When David and Jane Wilson visited us here in Canada this summer on their whirlwind tour of North American stonework, (funded by a Churchill Memorial trust award ) I got to show them some of the dry stone installations in the Port Hope area.
It was a bit like a treasure hunt, as some of the work I had not seen for several years and several pieces were a bit over grown.
We crept up on the rubble helix looking rather splendid and almost ancient in its isolated pastoral setting.
The rising dry stone structure looked to be fully in tact, despite its unusual shape and how it was designed to stay together. The remote placement of this piece in the landscape definitely adds to the mystery of how and why it came to be.
Later we visited the vaulted hut just outside Cobourg, another beautiful setting for such an unusual stone dwelling.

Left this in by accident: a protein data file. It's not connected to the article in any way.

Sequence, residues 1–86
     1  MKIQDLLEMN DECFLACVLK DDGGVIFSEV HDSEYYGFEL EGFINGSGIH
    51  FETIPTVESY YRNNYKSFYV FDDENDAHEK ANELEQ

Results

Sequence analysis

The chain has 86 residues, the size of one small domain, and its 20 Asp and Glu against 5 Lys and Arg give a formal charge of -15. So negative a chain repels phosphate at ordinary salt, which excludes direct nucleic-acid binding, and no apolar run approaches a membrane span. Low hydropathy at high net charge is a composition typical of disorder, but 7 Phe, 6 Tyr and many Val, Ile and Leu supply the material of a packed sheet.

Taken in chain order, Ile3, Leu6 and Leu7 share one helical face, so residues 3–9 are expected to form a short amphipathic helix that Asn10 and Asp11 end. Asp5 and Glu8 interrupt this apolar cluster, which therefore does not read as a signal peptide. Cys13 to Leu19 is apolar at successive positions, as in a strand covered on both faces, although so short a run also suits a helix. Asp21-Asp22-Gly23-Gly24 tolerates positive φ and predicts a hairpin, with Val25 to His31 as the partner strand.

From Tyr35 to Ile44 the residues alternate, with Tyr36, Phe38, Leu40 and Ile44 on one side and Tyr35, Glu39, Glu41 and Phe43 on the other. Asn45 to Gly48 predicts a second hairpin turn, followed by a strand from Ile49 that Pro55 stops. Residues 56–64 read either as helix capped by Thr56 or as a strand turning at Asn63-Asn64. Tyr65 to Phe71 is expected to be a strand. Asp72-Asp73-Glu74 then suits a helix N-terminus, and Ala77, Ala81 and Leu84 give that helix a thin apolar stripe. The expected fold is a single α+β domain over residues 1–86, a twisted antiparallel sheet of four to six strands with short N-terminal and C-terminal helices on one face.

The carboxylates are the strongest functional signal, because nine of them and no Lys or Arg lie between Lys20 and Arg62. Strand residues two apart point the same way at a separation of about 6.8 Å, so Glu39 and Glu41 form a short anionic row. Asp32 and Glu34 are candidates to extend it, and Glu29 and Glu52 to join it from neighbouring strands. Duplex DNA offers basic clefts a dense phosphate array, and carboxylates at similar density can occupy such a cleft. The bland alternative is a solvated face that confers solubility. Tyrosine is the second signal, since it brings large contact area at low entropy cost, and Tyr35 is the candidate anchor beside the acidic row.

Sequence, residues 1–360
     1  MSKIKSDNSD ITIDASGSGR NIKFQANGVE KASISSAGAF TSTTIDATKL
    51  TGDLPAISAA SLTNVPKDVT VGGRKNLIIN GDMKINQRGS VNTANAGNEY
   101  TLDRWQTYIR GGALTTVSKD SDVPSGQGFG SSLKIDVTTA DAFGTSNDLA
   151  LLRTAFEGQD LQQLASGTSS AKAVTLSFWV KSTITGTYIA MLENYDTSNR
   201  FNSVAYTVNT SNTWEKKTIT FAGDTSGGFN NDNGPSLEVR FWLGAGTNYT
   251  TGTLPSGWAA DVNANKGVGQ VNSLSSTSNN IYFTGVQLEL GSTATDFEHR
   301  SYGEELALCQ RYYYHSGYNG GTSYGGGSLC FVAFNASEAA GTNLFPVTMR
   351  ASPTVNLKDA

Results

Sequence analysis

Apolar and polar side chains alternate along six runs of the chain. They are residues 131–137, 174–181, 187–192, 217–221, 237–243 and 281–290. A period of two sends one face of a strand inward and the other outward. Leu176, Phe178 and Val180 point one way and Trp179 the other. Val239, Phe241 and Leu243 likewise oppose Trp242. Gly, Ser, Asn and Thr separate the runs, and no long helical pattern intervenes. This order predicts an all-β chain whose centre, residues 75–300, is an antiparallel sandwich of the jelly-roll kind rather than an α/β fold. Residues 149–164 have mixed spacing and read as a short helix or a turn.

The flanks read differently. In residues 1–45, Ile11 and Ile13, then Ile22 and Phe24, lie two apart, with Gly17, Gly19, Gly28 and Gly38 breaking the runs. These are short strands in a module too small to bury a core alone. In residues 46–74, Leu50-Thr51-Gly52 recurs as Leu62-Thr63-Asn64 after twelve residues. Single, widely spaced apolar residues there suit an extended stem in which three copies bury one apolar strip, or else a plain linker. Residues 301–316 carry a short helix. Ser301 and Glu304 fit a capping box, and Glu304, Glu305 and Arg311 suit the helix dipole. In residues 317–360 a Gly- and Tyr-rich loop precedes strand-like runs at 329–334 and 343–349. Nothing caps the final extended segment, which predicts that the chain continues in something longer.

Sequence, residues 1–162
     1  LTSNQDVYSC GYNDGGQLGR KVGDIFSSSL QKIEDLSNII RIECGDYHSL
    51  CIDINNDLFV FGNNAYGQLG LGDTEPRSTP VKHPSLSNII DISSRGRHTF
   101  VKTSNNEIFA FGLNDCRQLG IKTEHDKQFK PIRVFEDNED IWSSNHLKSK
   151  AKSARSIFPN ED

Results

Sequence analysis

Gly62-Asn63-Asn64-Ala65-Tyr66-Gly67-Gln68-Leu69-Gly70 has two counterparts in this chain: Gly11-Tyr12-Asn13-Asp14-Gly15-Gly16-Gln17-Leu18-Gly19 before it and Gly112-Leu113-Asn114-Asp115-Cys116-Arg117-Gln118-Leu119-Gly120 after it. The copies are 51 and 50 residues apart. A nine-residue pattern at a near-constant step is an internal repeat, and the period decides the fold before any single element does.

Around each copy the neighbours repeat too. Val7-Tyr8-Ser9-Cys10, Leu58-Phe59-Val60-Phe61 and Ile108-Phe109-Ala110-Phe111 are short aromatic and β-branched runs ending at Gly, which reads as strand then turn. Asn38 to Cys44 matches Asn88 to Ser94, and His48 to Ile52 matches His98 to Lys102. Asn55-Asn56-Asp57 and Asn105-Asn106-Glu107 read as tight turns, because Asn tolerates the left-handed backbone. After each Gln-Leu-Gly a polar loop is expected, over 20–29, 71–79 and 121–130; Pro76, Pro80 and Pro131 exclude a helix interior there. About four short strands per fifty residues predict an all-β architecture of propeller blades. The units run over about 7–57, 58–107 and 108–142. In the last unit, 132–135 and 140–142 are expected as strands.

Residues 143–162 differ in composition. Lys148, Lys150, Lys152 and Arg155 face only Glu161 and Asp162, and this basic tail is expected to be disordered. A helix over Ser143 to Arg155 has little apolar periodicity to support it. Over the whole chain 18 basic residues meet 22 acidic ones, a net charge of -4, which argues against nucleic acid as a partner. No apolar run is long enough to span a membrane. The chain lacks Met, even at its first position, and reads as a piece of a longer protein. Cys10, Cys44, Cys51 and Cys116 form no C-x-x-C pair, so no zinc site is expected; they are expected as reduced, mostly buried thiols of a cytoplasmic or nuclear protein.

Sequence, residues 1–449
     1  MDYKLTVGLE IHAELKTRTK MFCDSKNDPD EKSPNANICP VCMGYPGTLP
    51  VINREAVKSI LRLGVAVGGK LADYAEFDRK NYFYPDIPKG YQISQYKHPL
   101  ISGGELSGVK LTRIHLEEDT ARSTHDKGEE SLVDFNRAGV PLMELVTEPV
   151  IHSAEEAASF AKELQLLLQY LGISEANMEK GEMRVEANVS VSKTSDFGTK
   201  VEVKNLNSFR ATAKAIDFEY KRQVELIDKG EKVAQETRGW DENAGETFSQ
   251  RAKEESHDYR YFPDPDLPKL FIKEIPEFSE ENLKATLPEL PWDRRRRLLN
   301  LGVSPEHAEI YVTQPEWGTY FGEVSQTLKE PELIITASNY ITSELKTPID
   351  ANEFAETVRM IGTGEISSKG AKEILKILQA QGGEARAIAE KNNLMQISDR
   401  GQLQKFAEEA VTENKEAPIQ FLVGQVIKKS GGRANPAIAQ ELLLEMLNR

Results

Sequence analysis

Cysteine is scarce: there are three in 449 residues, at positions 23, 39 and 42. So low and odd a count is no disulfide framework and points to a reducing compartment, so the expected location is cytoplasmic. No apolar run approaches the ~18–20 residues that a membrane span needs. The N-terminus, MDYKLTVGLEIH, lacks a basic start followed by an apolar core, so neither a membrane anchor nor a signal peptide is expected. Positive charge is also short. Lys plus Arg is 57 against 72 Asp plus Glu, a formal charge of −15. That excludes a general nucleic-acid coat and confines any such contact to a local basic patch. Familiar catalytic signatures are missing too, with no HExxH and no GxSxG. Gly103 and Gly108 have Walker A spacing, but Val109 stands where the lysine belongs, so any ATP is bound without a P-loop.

Then on the same property we looked at our terraced gardens created two summers ago. I was glad to see that the many many tons of stone that it took to build didn't cause it to seem over done or too over-burdened with stone. The garden felt airy and yet had a calm energy about it.
It's all made with newly quarried limestone and the plantings are all very recent, so it will be really interesting to visit here again when everything has matured.
The Salem Creek bridge was a perfect place to rest and take some posed photos. This bridge was not more than a month old when David and Jane got to see it.
Finally, a stop a George and Reggie's for a look at the wall there we've been building as a part of a continuing yearly springtime workshop.